Welcome to Spain. Located on Europe’s Iberian Peninsula, Spain has a rich history and diverse culture. After exiting the financial crisis in 2014/104, Spain has grown over three percent in the last three years and is predicted to grow at a robust, but more moderate page in 2018 and 2019.

Spain is competitive cost-wise compared with other European countries, and is an easy place to set up and conduct business. What’s more, it’s home to a range of business opportunities from food and beverage to yachts and timber.

If you’d like to find out more about this market, download our Spain market guide on this page.

Quick facts

Here's a snapshot - you can find more detailed data in our guide.

 Export market ranking  NZ's 28th largest export market (20161)
 Free trade agreements   None
 Ease of Doing Business ranking2  28 of 190
 Corruption Perceptions Index ranking3  42 of 176

1 Source - comtrade.un.org
2 World Bank Ease of Doing Business 2018
3 Corruption Perceptions Index 2017

Getting to Spain

Flying from New Zealand to Spain means at least one stopover. Air New Zealand, Emirates and their respective code share partners all offer non-direct flights. Depending on the stopover destination and waiting time, flight time is at least 28 hours.  

When to visit

With its Mediterranean climate, Spain is home to hot dry summers and mild rainy winters. It celebrates national and regional holidays, so it’s best to review when Spain’s national holidays are as some businesses may close over these periods. Mid July until the end of August is traditionally the summer holiday period and is generally not ideal for visiting Spanish customers and partners.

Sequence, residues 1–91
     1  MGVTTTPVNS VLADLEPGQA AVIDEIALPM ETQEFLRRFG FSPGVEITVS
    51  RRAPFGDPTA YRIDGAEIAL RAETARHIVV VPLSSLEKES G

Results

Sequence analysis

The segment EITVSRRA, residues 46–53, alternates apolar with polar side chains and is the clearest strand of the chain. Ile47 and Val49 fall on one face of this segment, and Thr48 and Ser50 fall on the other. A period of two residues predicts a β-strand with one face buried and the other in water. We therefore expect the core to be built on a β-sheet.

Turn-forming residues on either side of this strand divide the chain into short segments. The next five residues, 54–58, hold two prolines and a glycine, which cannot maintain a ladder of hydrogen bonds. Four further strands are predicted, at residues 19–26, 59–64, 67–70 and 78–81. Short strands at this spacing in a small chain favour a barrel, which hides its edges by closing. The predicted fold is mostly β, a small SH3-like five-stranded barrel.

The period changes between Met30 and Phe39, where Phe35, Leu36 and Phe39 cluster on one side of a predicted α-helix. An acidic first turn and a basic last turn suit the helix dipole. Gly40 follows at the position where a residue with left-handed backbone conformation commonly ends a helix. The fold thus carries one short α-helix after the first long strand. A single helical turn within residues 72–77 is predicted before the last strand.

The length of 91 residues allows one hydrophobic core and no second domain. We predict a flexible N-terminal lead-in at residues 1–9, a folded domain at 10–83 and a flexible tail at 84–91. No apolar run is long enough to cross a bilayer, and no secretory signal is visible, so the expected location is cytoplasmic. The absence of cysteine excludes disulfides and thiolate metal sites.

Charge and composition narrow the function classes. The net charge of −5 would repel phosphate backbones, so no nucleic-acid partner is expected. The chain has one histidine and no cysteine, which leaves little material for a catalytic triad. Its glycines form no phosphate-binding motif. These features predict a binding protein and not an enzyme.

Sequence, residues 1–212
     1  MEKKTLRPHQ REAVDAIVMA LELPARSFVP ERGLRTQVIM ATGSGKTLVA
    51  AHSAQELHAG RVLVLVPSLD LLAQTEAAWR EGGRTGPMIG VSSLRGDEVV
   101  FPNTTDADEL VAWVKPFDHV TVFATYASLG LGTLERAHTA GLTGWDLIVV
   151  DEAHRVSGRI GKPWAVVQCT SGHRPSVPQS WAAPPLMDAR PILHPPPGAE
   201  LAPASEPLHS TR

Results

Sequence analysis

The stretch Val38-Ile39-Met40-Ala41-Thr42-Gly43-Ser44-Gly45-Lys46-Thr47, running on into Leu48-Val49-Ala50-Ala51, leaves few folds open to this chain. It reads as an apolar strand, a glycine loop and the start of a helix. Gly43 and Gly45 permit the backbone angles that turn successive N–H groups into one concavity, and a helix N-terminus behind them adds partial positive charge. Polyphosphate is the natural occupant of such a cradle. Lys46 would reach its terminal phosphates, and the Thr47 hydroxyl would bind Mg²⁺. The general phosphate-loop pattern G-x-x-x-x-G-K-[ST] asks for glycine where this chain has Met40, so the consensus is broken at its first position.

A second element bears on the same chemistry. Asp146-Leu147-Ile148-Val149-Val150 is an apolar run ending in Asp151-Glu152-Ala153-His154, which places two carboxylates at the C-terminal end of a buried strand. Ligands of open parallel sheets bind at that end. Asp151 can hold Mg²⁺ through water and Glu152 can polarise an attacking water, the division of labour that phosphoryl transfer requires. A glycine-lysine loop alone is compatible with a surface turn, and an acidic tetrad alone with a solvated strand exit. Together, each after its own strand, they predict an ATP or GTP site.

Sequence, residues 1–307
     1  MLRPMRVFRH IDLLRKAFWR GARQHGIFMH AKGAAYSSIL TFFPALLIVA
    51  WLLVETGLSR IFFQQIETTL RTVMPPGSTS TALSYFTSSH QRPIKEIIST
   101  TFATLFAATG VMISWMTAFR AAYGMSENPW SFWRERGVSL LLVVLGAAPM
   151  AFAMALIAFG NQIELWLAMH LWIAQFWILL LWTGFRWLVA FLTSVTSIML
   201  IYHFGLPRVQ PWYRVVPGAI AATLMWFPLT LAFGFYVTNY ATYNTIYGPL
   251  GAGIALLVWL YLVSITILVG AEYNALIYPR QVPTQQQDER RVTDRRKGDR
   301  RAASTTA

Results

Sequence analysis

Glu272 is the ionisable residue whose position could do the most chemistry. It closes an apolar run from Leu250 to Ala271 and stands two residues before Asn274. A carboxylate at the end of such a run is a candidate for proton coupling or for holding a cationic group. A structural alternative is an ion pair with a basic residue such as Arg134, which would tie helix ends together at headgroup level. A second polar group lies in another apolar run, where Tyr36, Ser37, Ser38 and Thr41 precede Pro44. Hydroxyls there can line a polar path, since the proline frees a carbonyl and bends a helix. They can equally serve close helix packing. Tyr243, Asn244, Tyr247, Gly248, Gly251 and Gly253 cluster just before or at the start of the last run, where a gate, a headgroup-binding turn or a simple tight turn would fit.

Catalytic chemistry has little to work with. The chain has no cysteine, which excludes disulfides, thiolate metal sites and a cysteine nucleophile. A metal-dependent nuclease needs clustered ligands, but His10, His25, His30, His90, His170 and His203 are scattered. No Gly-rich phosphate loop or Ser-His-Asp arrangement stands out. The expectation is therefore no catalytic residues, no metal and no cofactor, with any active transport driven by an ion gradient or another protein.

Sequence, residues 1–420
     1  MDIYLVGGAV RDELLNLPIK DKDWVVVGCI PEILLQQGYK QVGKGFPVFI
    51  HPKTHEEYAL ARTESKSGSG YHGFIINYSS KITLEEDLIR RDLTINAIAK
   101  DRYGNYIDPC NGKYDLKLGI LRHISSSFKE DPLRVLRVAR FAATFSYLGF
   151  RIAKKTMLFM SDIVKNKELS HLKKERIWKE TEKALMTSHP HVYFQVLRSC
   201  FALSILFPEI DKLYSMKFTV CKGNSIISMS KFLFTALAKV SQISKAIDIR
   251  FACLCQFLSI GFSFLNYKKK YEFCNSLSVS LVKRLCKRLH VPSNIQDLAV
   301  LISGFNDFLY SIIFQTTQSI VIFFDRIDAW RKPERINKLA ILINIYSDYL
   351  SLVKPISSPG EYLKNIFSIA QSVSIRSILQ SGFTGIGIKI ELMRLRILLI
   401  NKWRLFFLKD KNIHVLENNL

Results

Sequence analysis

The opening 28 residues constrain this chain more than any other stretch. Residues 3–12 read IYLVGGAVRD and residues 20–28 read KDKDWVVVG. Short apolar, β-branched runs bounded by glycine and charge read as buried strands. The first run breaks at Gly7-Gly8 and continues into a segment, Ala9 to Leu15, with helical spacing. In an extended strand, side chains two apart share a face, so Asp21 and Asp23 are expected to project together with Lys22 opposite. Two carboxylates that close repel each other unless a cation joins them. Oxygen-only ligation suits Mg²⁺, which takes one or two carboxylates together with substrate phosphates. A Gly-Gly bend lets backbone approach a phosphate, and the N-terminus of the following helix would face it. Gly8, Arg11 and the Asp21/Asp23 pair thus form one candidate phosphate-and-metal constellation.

Before you go, check Safe Travel for travel advisories on Spain. 

Cultural tips 

Spain has a very distinctive culture and there are some important cultural differences to be aware of when visiting the country. For example, Spaniards will be keen to get to know you before settling into business discussions – it’s all about doing business with people you know and trust. 

Download our guide on this page for more cultural tips. 

Working in-market

Getting the most out of your visit means hitting the ground running. Co-working is an excellent option if you’re staying put for more than a few days. Facilities vary, but typically you can expect a desk, and access to wifi, printer / scanner, tea / coffee and a lounge area. Some facilities may offer extended perks such as parking and on-site cafes. If you’re visiting the market solo, it also means the chance to work in the company of other like-minded business people and freelancers. Co-working spaces can be searched by city on Nomad List

Connect with NZTE in Spain

If you’re an NZTE customer and preparing to visit Spain, please get in touch with your Customer Manager to discuss your plans and possible areas of assistance. If you don’t have a Customer Manager, contact our Advisor Team for more information.

New Zealand's relationship with Spain

If you're looking for more information about our trade and diplomatic relationship with Spain, take a look at the Ministry of Foreign Affairs and Trade website. Their Spain page is packed with information, including a list of embassies and details of recent official visits.

Spain market guide

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  • I'm visiting my market. How can NZTE help me?

    If you’re an NZTE customer, please get in touch with your Customer Manager to discuss your plans and possible areas of assistance. If you don’t have a Customer Manager, contact our Advisor Team for more information.

  • I want to find an in-market distributor for my business
    NZTE doesn’t maintain lists of distributors for specific products and markets. We encourage companies to do as much of the initial search process as they can for themselves, while bringing in professional help where needed.